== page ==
Therefore, it is crucial to take the proper precautions when first introducing your sugar glider to other pets. Ensuring the sugar glider is happy and calm when you introduce them will help prevent it from crabbing at your dog or cat. This will also help the animals bond quicker.

3 – When You Introduce a New Sugar Glider

When introducing two sugar gliders to each other, you must also do so patiently. Introduce the two on neutral ground and watch for any signs of grabbing or hissing. When a sugar glider crabs, it warns the other sugar glider to stay away. If you don’t separate the two, they might start fighting and can get injured.

Therefore, introduce your sugar gliders properly to each other and make sure they are calm. They should have time to explore each other’s scents and accept each other. If they aren’t grabbing or acting aggressively towards each other, you can take it as a sign that they have accepted one another.

4 – When the Sugar Glider Is Irritated or Upset

Another reason your sugar glider might start crabbing is that it is upset or irritated. Like people, sugar gliders also have their own personalities. They can get irritated with people or other sugar gliders at times. For example, if you are bothering the sugar glider while holding it, it might start crabbing at you.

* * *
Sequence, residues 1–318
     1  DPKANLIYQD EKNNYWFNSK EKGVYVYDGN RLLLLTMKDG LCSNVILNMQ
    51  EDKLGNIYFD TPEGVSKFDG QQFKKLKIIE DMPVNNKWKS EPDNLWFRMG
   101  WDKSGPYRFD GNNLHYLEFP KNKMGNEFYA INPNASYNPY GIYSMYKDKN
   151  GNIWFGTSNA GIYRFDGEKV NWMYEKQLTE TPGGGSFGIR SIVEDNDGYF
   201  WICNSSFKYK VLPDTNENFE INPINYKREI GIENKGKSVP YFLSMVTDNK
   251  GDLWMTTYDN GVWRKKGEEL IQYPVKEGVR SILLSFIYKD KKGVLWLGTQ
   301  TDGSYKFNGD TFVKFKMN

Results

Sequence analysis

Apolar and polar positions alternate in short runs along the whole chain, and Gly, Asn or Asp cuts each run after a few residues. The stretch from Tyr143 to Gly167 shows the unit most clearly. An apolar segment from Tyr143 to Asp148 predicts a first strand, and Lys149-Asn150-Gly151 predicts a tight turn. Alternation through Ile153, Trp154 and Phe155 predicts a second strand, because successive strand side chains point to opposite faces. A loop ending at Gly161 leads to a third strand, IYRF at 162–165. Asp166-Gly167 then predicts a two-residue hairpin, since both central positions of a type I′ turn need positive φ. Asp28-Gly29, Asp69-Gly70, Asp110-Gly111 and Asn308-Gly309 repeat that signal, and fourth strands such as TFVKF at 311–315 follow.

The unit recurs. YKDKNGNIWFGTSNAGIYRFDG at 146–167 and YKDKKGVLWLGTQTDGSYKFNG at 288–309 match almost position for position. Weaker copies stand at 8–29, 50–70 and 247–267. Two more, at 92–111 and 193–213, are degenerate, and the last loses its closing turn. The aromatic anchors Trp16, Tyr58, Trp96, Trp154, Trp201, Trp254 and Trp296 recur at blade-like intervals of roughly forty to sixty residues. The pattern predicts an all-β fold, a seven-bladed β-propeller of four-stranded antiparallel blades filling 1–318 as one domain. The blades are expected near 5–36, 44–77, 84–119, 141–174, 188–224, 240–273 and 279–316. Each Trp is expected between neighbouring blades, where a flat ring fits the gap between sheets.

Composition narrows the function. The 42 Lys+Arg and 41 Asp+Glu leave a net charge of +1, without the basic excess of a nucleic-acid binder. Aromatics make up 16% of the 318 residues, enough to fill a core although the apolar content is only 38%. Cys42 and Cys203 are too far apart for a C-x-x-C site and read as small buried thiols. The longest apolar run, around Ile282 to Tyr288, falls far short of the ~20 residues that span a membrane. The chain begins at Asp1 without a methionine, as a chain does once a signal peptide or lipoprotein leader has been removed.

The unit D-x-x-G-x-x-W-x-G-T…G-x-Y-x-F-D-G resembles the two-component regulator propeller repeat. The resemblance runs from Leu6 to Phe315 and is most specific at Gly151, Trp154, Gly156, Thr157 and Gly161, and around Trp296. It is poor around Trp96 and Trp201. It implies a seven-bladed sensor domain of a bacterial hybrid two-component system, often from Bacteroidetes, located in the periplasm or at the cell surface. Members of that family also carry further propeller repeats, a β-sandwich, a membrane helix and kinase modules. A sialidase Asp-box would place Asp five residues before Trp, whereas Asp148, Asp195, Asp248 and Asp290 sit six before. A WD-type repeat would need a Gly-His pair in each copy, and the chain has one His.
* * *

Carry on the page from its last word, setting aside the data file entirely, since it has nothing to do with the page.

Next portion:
In this case, the sugar glider warns you to stop what you are doing. If you don’t, it might react and bite you. Sugar gliders can also crab at other sugar gliders in their habitat from time to time, even if they are bonded and generally get along well.

Now that you know the main reasons why sugar gliders start crabbing, you can determine what to do to make it stop. Remember that crabbing isn’t always an indication that the sugar glider is aggressive and can sometimes mean they are anxious or scared. Try to comfort your sugar glider when they are crabbing to make them feel secure.

Other Sugar Glider Sounds and Their Meanings

Apart from crabbing, sugar gliders make various other sounds. These sounds can mean different things, but in general, these are the meanings of some sugar glider sounds:

  • Barking – the sugar glider is trying to get your attention. Sugar gliders bark when they communicate with each other and people, kind of like saying “hello.”
  • Hissing – this is a clear sign of aggression. The sugar glider is upset about something happening and is ready to attack.
  • Purring – like a cat, a sugar glider will purr when it is happy and secure. For example, you might hear a sugar glider purring when sleeping on you or when you stroke it.
  • Singing – Female sugar gliders make a specific sound when they communicate with their joeys in their pouches. This sound is called singing.

Although there are certainly other sounds sugar gliders also make, these are some of the most common sounds you may hear your sugar glider making. Understanding these sounds is a great way to understand and interpret what your sugar glider needs or wants.

Final Thoughts

Crabbing is primarily a defense sound sugar gliders make when they feel threatened or upset. A new sugar glider may crab at you when you touch it before you have bonded. It may also crab at other pets such as dogs, cats, and other sugar gliders as a warning to stay away.

Finally, a sugar glider will crab if irritated with something or someone. Overall, crabbing is not a sound a sugar glider makes when it is happy. We also discussed other sounds sugar gliders make and their meanings. We hope this article will help you understand your sugar glider better.

Tags

Tags